Yankees starting pitcher Gerrit Cole reacts during the second inning...

Yankees starting pitcher Gerrit Cole reacts during the second inning in Game 1 of a doubleheader against the Braves at Truist Park in Atlanta on Wednesday. Credit: EPA-EFE/Shutterstock/Erik S. Lesser

Joe Girardi had a go-to phrase on those rare occasions during his managerial tenure that the incomparable Mariano Rivera blew a save.

“He showed that he’s human today,” Girardi would say.

Gerrit Cole had been something other than human on the mound in the regular season the last year-plus, not having lost a game since last May 22 against the White Sox when he was a member of the Astros.

The ace’s 28-start undefeated streak came to a thud of an end Wednesday afternoon as he allowed three homers in a 5-1 loss to the Braves Wednesday afternoon in the first game of a doubleheader at Truist Park, a game in which the Yankees were held without a hit the first 5 1/3 innings by a pitcher making his big-league debut.  

Things then actually got worse for the Yankees in the nightcap when Chad Green, unhittable most of this season, flushed a brilliant Masahiro Tanaka outing by allowing a two-run homer to Freddie Freeman with two outs in the sixth inning, leading to a brutal 2-1 loss, their fifth straight.

Tanaka came into sixth having retired seven straight and with a 1-0 lead but Green, after retiring the first two batters, allowed a Dansby Swanson single before Freeman slammed a 1-and-0 fastball to left-center for a 2-1 lead (the 1-0 lead came courtesy of Tyler Wade’s sacrifice fly in the fifth off Max Fried).

Furthermore, the second game saw the return of Aaron Judge from the injured list because of a right calf strain, but rightfielder, who went 1-for-3, was replaced in the field in the bottom of the sixth inning by Brett Gardner. No immediate word was given for the substitution.  

Former Yankee Mark Melancon allowed a two-out single in the seventh to pinch hitter Gary Sanchez but got Mike Ford to ground out for the save.

Cole (4-1, 3.51), coming off last Wednesday’s outing against the Rays when the day’s biggest story was the anger he directed at Aaron Boone during and after the game for removing him in the seventh inning, allowed five runs, five hits and two walks over five innings.

Cole, 20-0 with a 1.97 ERA in the 28 starts of the unbeaten streak, struck out nine, mostly with a nasty slider, but the trio of homers – which gave the pitcher 10 allowed this season – were too much to overcome. He did not object when Boone came to get him with two on and none out in the sixth.

“It seemed to be a little bit feast or famine in terms of good command for a period of time, and then some bad command in some bad spots,” Cole said. “Times when I thought they were going to be aggressive and they were patient and times when I thought maybe I could grab a little more of the zone in some situations, I made a poor pitch and they were being aggressive. It just didn’t match up and they stayed about one step ahead of me too many times.”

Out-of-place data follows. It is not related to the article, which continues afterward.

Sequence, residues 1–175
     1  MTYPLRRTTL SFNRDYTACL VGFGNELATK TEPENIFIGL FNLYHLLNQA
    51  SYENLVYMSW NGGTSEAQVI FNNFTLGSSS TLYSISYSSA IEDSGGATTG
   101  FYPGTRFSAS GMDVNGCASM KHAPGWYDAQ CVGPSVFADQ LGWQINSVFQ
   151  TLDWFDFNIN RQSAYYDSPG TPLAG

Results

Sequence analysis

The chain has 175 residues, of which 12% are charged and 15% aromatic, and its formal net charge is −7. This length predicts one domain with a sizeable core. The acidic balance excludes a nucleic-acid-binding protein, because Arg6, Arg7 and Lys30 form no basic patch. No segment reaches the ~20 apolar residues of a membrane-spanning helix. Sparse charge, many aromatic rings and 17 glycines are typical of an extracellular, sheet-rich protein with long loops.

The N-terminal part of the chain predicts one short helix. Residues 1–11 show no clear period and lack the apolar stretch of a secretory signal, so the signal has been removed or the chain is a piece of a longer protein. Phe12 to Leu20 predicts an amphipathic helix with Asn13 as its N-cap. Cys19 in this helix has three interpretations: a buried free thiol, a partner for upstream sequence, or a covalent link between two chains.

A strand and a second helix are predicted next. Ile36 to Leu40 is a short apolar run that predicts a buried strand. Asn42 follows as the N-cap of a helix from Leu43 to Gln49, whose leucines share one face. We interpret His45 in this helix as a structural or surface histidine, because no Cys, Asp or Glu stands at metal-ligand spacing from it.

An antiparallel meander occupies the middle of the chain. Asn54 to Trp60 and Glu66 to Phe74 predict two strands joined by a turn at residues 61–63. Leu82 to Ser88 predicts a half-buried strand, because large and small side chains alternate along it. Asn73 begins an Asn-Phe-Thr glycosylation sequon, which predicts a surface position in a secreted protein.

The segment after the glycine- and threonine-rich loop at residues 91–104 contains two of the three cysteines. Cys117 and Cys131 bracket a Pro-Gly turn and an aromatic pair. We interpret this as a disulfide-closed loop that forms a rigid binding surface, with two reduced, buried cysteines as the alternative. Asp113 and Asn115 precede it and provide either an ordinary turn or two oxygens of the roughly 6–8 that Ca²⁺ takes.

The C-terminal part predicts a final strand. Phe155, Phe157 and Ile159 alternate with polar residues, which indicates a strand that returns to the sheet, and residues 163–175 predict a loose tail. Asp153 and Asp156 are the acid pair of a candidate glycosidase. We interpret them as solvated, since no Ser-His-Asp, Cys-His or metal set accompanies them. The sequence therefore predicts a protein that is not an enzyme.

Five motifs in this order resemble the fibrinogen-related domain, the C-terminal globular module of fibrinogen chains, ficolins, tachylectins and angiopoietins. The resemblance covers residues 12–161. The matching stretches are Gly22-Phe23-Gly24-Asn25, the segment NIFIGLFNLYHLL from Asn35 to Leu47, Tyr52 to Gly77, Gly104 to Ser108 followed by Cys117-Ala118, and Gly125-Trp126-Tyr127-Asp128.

Boone did not think Cole pitched badly at all.

“A couple of pitches back and it’s very much a dominant Gerrit outing,” Boone said.  

Cole was severely outpitched by Braves rookie righthander Ian Anderson, who did not allow a hit until Luke Voit homered with one out in the sixth – giving the first baseman a fifth straight game with a homer and his team-leading 11th overall. Anderson, 22, allowed that one run and hit. He walked two and struck out six.

“I thought he did a good job of attacking the strike zone and being a little bit unpredictable,” Boone said of Anderson. “He has the advantage of us not having seen him much at all, obviously . . . he pitched well against us.”

The Yankees (16-11) looked like a team playing for the first time since last Thursday against the Rays. And, like that series, looking like a team missing some of its biggest bats – DJ LeMahieu, Giancarlo Stanton and Gleyber Torres, most prominently. Aaron Judge, activated from the IL, was in the lineup for Game 2.

The afternoon was a rough beginning to a potentially rough stretch for the Yankees – 35 games in 33 days – to end the regular season, a span that, counting Wednesday, included four doubleheaders (they have doubleheaders scheduled against the Mets Friday and Sunday).

Cole was tagged by the long ball early – in the first when leadoff man Ronald Acuna Jr, who hit 41 homers last year, hit one an estimated 473 feet to left-center and in the third when Dansby Swanson hit a two-run shot and Marcell Ozuna added a solo blast – estimated at 469 feet – to make it 4-0. Voit’s shot in the sixth put the Yankees on the board but Nick Markakis’ RBI double in the bottom half made it 5-1.

“Definitely went out there with the mentality to try and set the tone for the day, obviously having two games,” Cole said. “Definitely would have liked to have stepped up today but just didn’t do it.” 

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